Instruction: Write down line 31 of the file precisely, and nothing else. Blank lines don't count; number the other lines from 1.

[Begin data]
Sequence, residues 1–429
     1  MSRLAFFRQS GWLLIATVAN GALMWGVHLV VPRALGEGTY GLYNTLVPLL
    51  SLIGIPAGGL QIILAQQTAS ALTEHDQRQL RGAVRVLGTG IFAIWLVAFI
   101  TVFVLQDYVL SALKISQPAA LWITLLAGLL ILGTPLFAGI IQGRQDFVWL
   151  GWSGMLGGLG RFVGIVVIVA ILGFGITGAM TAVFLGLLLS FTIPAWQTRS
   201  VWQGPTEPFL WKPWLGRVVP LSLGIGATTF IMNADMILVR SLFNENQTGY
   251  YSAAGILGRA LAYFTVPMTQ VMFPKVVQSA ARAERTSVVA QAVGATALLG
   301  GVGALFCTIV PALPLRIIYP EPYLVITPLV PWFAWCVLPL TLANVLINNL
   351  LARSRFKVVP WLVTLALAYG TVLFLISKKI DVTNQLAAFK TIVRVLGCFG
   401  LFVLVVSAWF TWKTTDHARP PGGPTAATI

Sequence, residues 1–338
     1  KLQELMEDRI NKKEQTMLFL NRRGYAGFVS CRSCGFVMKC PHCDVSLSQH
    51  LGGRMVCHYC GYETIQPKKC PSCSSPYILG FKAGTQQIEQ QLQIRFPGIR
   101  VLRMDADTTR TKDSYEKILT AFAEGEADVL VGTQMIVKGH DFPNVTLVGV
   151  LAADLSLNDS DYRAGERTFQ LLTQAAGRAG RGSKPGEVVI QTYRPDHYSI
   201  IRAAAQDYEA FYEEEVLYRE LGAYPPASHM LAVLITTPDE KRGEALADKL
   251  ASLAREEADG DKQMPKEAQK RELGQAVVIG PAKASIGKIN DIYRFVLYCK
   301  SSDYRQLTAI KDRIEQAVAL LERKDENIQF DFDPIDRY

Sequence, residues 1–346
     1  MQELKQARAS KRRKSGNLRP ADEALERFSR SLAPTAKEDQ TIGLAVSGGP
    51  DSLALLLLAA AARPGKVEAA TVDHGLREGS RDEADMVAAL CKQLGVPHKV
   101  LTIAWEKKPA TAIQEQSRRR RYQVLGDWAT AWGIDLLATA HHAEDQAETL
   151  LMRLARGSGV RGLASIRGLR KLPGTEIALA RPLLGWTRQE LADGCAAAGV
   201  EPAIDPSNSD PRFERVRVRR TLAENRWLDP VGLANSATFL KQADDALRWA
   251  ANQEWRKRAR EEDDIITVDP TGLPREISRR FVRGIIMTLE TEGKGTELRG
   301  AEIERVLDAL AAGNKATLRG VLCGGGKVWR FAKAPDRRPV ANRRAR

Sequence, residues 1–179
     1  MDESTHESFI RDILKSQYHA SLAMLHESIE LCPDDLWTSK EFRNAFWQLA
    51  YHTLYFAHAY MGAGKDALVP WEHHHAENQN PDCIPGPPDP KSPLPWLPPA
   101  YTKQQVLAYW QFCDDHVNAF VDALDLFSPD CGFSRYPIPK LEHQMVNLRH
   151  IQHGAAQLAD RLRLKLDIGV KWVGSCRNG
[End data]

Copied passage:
   151  IQHGAAQLAD RLRLKLDIGV KWVGSCRNG